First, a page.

George S. Schuyler: Portrait of a Black Conservative is the first full biography of Schuyler and traces his transformation from a socialist to a conservative by examining his childhood, his career as a journalist and writer, his opinions about race and class, and his desire for professional notoriety.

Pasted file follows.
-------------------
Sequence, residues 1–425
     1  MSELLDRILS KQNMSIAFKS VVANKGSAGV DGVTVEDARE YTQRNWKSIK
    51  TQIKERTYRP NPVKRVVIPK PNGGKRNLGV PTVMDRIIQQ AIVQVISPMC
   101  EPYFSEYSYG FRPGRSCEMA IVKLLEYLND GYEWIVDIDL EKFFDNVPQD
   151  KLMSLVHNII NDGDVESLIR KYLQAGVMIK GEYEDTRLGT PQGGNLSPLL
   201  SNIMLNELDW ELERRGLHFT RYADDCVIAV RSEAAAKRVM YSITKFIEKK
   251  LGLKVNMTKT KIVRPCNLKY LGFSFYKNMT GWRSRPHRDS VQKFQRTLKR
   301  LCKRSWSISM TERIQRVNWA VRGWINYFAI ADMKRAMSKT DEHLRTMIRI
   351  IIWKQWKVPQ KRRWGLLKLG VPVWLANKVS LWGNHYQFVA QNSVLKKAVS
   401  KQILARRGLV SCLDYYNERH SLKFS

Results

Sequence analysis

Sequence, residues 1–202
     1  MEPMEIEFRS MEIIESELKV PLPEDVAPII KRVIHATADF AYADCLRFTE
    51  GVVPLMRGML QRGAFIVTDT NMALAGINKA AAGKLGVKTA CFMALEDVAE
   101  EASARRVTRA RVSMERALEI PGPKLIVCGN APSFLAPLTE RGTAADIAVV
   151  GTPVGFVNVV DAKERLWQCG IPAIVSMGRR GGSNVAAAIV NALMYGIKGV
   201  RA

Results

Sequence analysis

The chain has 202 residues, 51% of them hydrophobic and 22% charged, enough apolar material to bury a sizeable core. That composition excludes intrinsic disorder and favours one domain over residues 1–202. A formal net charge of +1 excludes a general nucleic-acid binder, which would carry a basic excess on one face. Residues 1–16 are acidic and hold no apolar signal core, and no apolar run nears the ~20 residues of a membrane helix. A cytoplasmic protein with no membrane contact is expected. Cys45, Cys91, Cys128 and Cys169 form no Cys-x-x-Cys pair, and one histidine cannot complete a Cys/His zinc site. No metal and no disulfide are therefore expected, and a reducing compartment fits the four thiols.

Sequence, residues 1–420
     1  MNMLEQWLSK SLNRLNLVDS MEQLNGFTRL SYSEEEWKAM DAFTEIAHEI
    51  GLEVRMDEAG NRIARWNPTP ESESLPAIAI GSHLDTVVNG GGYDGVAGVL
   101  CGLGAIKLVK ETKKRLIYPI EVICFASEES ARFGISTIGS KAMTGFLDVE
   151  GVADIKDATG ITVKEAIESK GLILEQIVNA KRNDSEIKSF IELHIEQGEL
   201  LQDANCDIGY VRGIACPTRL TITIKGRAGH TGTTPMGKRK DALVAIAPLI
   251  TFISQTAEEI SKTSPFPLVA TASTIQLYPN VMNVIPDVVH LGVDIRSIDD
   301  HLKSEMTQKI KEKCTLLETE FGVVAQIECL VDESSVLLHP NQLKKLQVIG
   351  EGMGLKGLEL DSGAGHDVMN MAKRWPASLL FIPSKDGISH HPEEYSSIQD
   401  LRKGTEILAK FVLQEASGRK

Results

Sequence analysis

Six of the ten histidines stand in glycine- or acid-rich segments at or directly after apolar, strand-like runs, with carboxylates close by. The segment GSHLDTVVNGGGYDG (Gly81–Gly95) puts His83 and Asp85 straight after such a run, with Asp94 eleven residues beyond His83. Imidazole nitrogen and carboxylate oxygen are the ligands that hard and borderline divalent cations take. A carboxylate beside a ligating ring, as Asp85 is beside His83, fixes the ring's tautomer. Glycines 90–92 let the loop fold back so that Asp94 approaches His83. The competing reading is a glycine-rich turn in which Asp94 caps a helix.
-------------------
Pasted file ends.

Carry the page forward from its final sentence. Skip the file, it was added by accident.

The book is divided into three parts. Part I discusses Schuyler's early life prior to his arrival in Harlem and his becoming a writer for the Messenger, an African American socialist magazine edited by A. Philip Randolph and Chandler Owen. Part II chronicles his career as a journalist, novelist, satirist, and critic from the Harlem Renaissance of the 1920s through World War II. Part III reviews his post-World War II career from the late 1940s until his death in 1977. While Schuyler's career took many turns, his writings reveal surprising continuities and the stamp of a true American iconoclast, not unlike his mentor and hero, H. L. Mencken.